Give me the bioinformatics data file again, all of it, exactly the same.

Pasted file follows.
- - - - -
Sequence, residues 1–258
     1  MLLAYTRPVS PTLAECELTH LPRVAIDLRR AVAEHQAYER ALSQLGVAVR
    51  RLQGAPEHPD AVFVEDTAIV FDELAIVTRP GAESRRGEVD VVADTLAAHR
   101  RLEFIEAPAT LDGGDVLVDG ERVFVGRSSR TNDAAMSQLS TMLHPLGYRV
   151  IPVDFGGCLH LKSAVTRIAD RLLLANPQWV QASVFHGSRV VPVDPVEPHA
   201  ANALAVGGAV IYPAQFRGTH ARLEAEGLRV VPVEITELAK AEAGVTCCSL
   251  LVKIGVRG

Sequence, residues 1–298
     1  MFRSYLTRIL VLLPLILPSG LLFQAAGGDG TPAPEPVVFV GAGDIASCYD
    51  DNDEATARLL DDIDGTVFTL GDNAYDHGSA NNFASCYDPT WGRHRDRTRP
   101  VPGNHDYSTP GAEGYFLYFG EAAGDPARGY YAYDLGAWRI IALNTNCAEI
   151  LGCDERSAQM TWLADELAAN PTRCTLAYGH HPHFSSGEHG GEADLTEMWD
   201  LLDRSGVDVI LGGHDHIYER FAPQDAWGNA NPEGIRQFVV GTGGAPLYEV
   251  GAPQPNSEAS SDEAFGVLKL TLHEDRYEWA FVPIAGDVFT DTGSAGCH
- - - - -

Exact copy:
Sequence, residues 1–258
     1  MLLAYTRPVS PTLAECELTH LPRVAIDLRR AVAEHQAYER ALSQLGVAVR
    51  RLQGAPEHPD AVFVEDTAIV FDELAIVTRP GAESRRGEVD VVADTLAAHR
   101  RLEFIEAPAT LDGGDVLVDG ERVFVGRSSR TNDAAMSQLS TMLHPLGYRV
   151  IPVDFGGCLH LKSAVTRIAD RLLLANPQWV QASVFHGSRV VPVDPVEPHA
   201  ANALAVGGAV IYPAQFRGTH ARLEAEGLRV VPVEITELAK AEAGVTCCSL
   251  LVKIGVRG

Sequence, residues 1–298
     1  MFRSYLTRIL VLLPLILPSG LLFQAAGGDG TPAPEPVVFV GAGDIASCYD
    51  DNDEATARLL DDIDGTVFTL GDNAYDHGSA NNFASCYDPT WGRHRDRTRP
   101  VPGNHDYSTP GAEGYFLYFG EAAGDPARGY YAYDLGAWRI IALNTNCAEI
   151  LGCDERSAQM TWLADELAAN PTRCTLAYGH HPHFSSGEHG GEADLTEMWD
   201  LLDRSGVDVI LGGHDHIYER FAPQDAWGNA NPEGIRQFVV GTGGAPLYEV
   251  GAPQPNSEAS SDEAFGVLKL TLHEDRYEWA FVPIAGDVFT DTGSAGCH